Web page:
Olson Kundig Creates Seattle and Miami Art Pavilions

Outpost Basel at Design Miami/Basel. Photography by Kevin Scott.



Olson Kundig
is known for their residential masterpieces. Now the firm is creating environments for collectors of artistic masterpieces. When Interior Design Hall of Fame member Tom Kundig first met Rodman Primack, the executive director of Design Miami/Basel , they collaborated on a residential project. A couple years down the road, as the Swiss design fair hit its 10th anniversary, Primack turned again to his colleague to design a respite from the madness of the festival. For six days last June, the 4,000-square-foot pavilion, Outpost Basel, housed a restaurant, a champagne bar, and a lounge. Kundig specified beech bricks, charred to a rich black hue for the primary material. A signature industrial intervention, an iron-wheeled X door marked the entrance. The allusion to the number 10 continued in a repetitive x-pattern wrapping the exterior. Of course, as this was Design Miami/Basel, the space was not devoid of artistic flair. Artist Glymmer, also Seattle based, designed an interactive lighting installation to entertain visitors.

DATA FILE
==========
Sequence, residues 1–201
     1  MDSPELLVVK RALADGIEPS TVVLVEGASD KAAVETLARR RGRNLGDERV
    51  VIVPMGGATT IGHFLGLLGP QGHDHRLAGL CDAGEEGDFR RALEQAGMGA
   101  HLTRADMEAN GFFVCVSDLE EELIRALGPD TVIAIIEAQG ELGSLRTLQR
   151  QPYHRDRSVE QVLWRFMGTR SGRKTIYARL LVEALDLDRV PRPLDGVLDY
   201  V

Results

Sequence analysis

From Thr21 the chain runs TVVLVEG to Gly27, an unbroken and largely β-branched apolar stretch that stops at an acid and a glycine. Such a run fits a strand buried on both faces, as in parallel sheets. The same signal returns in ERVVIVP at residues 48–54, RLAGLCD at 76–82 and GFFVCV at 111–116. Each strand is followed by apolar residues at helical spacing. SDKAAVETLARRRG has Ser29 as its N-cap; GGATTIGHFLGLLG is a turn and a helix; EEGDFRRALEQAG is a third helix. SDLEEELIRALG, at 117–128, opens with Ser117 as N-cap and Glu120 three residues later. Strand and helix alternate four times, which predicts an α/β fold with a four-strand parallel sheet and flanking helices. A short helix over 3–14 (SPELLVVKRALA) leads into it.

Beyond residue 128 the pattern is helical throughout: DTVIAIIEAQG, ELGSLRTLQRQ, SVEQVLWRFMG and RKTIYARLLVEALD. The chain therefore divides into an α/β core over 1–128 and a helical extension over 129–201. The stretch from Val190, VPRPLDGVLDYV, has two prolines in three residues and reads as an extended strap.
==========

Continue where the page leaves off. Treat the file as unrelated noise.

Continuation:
Outpost Basel at Design Miami/Basel. Photography by Kevin Scott.


Shortly thereafter, coprincipal and fellow Hall of Fame member Jim Olson was chosen to design the lounge for the inaugural Seattle Art Fair , back in their hometown. Opening July 30, the space was appropriately titled Basecamp. The open-air pavilion featured local materials, prominently featuring three 18-foot-tall open-frame luminous towers sheathed in red fabric. Evergreens, herbs, and flowers lined the perimeter, lending a distinctly natural feel to the man-made space.


Outpost Basel at Design Miami/Basel. Photography by Kevin Scott.


>>See more from the August 2015 issue of Interior Design .


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